Fire Safety Tips from the Inspector

By Stephen Gremillion, NPI Property Inspector, Montgomery, Texas

According to the National Fire Protection Association (NFPA) http://www.nfpa.org, there were about 365,500 household fires in 2015. As an inspector, I’ve learned that many house fires are preventable. In fact, the NFPA also states that three out of five fire deaths were in homes without working smoke alarms. This, to me, says that simply installing and maintaining smoke alarms could save your life.

When talking about fire safety, I like to break it down into three categories: Fire Prevention, Fire Preparation, and the Fire. Fire Prevention items are things that you can do to prevent a fire. Fire Preparation items are things you can do to be prepared in case of a fire, and the Fire is what to do if you find yourself in a house fire.

Fire Prevention:

  • Use caution when using electrical resistance heating items like toasters, heating blankets, etc.
  • Use caution when using open flames like candles, barbecues, fireplaces, tobacco, etc.
  • Keep your kitchen clutter free and clean of grease.
  • Fix sub-standard electrical work.
  • Add Arc Fault Circuit Interrupter (AFCI) protection. For more info: http://www.npihome.com/2016/2510/afci-and-gfci-outlets-improve-electrical-safety-in-your-home/
  • Keep your dryer vent and lint trap clean. For more info: http://www.npihome.com/2014/1248/have-you-cleaned-your-dryer-vent-lately/
  • If you have a wood burning fireplace and use it regularly, the flue must be kept clean. For more info: http://www.npihome.com/2014/1728/keeping-your-chimney-clean/
  • If you use portable heaters, they should be monitored and have a tip safety. A tip safety is a function that shuts off the heater if it tips over. Also, it should be kept clear of combustibles.
  • Get a home inspection. A home inspection can reveal problems like sub-standard electrical work, improper fireplace hearths, etc.
  • Get a thermal imaging inspection. A thermal imaging inspection can reveal electrical problems that can’t be seen with the naked eye.

Fire Preparation:

  • Proper smoke alarm placement and maintenance. You should have a smoke alarm in each bedroom and each adjoining space. These should be tested once a month, have the battery changed once a year, and be completely replaced every ten years.
  • Fire extinguishers. We recommend that you have clear access to an extinguisher in the garage, kitchen, and bedroom. You should be familiar with their use and have the right type. For more info: http://www.npihome.com/2014/1863/1863/
  • You should have two escape options from each room. (Second-story windows do count).
  • Teach your kids some basic fire safety.

The Fire:

Hopefully, you never find yourself in this situation. However, if you do, here are some basic tips.

  • If the fire is small, try to put it out with your extinguisher.
  • If the fire cannot be contained, then you must leave immediately. Gather your family and an extinguisher and leave through one of your planned routes.
  • Door handles may be hot. It is best to grab them with a piece of cloth.
  • Close doors behind you! It may seem silly, but it’s for a good reason. A door can act as a barrier in two ways; 1) It can restrict airflow, 2) It acts as separation that the fire will take time to burn through.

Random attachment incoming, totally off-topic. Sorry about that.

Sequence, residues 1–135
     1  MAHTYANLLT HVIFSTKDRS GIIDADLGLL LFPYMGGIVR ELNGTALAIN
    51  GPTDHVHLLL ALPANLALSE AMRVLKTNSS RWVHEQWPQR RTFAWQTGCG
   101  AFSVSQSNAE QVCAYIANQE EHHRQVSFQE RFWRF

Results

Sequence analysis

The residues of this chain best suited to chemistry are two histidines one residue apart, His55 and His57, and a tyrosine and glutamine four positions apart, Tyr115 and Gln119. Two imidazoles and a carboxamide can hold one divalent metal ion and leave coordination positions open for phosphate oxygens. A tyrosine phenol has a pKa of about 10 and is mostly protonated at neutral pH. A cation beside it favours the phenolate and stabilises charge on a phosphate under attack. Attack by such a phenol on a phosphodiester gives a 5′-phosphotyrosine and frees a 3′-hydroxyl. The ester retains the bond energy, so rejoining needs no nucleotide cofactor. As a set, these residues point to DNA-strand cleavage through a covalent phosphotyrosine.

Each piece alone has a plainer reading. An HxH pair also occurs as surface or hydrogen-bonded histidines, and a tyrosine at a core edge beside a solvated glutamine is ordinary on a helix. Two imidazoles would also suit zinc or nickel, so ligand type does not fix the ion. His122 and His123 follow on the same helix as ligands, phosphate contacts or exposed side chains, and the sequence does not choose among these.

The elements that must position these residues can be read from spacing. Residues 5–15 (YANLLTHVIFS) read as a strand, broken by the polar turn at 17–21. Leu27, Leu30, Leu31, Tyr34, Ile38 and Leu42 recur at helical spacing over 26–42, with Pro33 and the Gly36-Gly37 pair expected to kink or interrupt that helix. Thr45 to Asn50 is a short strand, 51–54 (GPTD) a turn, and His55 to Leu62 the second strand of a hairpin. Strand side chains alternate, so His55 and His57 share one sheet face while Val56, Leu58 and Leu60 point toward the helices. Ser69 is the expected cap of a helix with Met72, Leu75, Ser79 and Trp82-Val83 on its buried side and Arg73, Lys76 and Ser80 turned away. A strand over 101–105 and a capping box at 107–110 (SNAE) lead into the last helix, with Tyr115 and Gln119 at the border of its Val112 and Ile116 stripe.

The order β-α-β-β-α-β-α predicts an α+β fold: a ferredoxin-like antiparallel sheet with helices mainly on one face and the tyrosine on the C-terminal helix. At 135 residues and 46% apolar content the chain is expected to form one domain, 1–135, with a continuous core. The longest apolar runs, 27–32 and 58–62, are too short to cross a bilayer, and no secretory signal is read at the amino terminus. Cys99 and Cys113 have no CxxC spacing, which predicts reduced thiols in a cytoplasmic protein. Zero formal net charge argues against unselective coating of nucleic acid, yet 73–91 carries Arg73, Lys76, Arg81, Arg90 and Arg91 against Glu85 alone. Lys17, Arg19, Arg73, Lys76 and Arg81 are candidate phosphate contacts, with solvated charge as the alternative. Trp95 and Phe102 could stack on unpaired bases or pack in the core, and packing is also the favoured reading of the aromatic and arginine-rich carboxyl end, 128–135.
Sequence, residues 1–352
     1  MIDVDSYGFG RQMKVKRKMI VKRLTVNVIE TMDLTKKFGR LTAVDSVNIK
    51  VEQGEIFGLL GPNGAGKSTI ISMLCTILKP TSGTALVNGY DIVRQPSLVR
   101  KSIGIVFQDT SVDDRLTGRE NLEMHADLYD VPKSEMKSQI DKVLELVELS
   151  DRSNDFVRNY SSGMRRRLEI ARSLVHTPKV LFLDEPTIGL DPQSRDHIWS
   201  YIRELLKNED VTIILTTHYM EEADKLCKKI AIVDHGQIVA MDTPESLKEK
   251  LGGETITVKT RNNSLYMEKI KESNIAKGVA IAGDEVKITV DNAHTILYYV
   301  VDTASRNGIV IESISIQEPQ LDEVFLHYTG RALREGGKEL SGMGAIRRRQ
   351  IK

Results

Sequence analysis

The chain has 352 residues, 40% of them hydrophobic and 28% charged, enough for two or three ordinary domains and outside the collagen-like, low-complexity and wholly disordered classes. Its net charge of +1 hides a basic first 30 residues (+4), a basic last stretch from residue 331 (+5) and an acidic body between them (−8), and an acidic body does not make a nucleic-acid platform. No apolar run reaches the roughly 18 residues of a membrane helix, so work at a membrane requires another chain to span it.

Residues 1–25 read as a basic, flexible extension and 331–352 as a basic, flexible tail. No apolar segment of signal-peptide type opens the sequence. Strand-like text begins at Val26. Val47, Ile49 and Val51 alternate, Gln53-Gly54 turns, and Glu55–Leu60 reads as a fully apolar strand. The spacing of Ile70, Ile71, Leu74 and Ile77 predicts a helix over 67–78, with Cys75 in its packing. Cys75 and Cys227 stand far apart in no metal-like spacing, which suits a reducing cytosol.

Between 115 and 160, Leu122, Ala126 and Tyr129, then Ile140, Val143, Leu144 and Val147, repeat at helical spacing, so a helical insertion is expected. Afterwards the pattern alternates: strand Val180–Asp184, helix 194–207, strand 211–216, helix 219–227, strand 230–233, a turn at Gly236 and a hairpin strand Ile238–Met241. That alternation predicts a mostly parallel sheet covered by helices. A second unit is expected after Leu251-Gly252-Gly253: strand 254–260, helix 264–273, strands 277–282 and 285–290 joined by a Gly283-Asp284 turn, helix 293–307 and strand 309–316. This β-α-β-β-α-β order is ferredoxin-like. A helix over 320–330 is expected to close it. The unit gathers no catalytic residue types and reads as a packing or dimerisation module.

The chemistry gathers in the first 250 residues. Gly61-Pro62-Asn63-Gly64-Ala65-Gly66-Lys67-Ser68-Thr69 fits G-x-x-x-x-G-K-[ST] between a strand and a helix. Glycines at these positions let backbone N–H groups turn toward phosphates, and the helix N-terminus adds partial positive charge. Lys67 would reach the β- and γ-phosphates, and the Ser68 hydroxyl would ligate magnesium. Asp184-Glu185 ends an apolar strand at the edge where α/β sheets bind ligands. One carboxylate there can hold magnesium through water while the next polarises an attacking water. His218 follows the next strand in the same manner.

• If you find yourself trapped, there are two important things you must do:
  1. Signal for help. A piece of cloth hanging from the window is a largely recognized symbol, but a phone call is better.
  1. Minimize your exposure to smoke and flames. This can be done by opening a window, getting low, covering your mouth with cloth, and blocking underneath doors with wet cloths.

 

Make sure to be diligent about fire protection to keep your home and family safe. Practice these steps and have a happy and healthy 2017.

Stephen Gremillion Stephen Gremillion is a professionally trained NPI property inspector working for franchise owner/inspector Garner Gremillion in Montgomery, Texas. If you live in the area, call 936 230-3440 to schedule your home inspection with Garner or Stephen.

Before you move, make sure to have your house inspected by an NPI or GPI home inspector. Visit the links below to find an inspector near you.

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Christmas Tree Safety Tips From The Inspector

 

By Stephen Gremillion, NPI Property Inspector, Montgomery, Texas

Christmas tree fireEvery year fires are started or fueled by Christmas trees. Now in no way am I saying that you should substitute a real tree for a fake one but here are some tips to help keep your home more safe.

Water Your Tree!
It may seem a little too obvious but a dry, dead tree is the first step to a fire and it can be easy to forget.

Switch to LED lights.
Not only do LED’s use less power but they also produce less heat. It’s a win-win; save on power while keeping your home and family safe. Most new light strands are LED so this is something to be cautious of if your lights are older.

tree2Remove Nearby Heat Sources.
It can be easy to do it without even thinking about it. Maybe you put an electric heater next to your tree. Or maybe an end table with a candle. Just be mindful and pay attention to avoid a potentially devastating mistake.

Check On Your Tree Regularly.
Remember your tree is most flammable when it’s dry. If it becomes a too dry you may want to consider removing the lights.

Ttree3urn the Lights Off When You’re Not Around.
Even though LED’s give off very little heat it’s still a good idea to turn them off when unattended. Just unplug the lights when you leave or go to bed. It may also prevent unwanted attention from pets.

Take the Tree Out By the End of December.